In order to be able to boot the LFS system, we need to update our bootloader. We're assuming that your host system is using Lilo (since that's the most commonly used boot loader at the moment).
We will not be running the lilo program inside chroot. Running lilo inside chroot can have fatal side-effects which render your MBR useless and you'd need a boot disk to be able to start any Linux system (either the host system or the LFS system).
First we'll exit chroot and copy the lfskernel file to the host system:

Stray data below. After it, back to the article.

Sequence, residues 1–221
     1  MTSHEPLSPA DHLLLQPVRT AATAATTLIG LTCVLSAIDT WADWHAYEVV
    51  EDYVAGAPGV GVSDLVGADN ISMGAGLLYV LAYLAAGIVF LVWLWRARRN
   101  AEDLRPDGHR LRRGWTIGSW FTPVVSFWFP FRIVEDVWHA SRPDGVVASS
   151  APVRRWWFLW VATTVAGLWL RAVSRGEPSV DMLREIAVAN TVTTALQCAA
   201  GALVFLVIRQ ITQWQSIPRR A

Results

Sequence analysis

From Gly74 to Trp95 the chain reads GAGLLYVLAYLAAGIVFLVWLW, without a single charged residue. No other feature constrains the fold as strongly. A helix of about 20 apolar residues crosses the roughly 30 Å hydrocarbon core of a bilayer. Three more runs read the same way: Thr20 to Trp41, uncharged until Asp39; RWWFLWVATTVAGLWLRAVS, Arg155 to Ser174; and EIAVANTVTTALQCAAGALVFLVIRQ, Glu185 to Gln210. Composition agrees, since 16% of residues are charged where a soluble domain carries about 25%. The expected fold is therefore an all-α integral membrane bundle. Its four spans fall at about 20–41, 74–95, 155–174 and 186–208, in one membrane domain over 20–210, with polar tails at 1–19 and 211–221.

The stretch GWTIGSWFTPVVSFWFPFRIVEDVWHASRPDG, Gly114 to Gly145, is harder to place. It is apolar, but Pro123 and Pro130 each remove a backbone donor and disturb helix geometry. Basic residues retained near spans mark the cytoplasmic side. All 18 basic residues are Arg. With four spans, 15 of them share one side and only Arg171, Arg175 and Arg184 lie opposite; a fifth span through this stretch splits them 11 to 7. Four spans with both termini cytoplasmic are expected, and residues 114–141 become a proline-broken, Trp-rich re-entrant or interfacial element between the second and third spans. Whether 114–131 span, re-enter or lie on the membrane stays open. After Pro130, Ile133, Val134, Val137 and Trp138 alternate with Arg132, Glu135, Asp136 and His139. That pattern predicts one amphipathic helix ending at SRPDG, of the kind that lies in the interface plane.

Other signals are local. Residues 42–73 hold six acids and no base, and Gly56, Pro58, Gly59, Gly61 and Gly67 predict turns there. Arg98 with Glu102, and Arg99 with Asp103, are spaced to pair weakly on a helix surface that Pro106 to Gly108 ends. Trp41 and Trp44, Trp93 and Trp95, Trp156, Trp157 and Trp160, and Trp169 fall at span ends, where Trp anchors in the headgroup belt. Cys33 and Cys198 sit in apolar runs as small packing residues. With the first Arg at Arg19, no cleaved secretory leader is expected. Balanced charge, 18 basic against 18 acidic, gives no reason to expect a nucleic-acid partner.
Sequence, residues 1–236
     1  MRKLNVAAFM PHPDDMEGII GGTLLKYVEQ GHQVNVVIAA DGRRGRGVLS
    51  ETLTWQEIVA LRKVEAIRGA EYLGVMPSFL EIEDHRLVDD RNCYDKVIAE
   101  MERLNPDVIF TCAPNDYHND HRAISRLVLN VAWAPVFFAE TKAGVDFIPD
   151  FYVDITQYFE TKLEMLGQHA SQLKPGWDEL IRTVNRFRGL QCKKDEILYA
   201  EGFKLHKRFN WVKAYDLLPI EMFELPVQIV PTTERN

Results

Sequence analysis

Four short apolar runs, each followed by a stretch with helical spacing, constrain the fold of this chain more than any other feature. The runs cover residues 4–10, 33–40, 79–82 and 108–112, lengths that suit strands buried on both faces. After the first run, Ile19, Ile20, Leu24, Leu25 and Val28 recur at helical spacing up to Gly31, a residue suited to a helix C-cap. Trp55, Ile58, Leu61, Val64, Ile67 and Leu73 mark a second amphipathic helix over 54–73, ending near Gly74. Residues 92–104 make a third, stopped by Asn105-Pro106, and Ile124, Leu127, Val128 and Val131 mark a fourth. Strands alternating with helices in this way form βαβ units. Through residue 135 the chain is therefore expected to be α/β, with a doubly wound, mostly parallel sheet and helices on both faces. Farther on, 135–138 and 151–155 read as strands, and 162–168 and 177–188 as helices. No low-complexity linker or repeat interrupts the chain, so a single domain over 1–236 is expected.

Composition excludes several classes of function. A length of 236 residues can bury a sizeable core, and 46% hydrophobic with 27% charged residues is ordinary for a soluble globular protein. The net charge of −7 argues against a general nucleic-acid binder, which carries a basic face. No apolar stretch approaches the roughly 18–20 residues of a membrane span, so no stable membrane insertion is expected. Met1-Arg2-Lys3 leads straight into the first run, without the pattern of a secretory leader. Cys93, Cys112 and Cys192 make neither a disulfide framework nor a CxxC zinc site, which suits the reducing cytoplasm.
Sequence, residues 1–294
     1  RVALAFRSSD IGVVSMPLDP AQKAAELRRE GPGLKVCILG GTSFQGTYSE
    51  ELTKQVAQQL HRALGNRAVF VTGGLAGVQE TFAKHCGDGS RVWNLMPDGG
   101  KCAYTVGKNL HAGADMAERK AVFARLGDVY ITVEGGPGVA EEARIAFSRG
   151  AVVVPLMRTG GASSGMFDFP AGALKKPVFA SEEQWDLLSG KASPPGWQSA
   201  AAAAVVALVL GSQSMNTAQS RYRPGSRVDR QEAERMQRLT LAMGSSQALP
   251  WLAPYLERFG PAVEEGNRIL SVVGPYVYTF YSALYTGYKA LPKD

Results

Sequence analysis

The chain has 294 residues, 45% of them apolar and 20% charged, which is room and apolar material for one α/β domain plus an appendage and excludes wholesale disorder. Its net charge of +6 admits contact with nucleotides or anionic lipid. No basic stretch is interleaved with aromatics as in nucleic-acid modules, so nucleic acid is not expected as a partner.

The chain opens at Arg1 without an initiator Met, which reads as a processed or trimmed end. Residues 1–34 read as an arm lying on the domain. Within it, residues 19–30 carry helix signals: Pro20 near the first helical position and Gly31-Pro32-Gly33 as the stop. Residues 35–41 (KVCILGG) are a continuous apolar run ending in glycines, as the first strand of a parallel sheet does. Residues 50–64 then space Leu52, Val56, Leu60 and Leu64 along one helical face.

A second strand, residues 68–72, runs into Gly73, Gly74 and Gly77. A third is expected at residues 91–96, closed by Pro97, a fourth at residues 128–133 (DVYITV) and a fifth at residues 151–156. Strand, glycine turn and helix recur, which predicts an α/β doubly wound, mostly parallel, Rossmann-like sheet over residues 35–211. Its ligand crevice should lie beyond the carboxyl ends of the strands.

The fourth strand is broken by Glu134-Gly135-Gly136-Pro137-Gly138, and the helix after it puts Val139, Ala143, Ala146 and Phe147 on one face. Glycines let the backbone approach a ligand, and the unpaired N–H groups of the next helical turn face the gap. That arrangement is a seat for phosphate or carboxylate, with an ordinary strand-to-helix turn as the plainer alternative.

logout cp $LFS/boot/lfskernel /boot
The next step is adding an entry to /etc/lilo.conf so that we can choose LFS when booting the computer:
cat >> /etc/lilo.conf << "EOF" image=/boot/lfskernel label=lfs root=<partition> read-only EOF
<partition> must be replaced with the LFS partition's designation.
Also note that if you are using reiserfs for your root partition, the line read-only should be changed to read-write.
Now, update the boot loader by running:
The last step is synchronizing the host system's lilo configuration files with the LFS system's:
cp /etc/lilo.conf $LFS/etc && cp $(grep "image.*=" /etc/lilo.conf | cut -f 2 -d "=") $LFS/boot